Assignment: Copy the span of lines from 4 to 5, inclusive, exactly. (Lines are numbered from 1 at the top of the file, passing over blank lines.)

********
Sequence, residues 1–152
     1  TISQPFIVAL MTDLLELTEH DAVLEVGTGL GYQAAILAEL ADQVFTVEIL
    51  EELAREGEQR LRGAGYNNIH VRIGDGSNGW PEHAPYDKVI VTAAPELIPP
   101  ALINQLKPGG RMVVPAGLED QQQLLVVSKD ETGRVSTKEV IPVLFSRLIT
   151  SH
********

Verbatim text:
   101  ALINQLKPGG RMVVPAGLED QQQLLVVSKD ETGRVSTKEV IPVLFSRLIT
   151  SH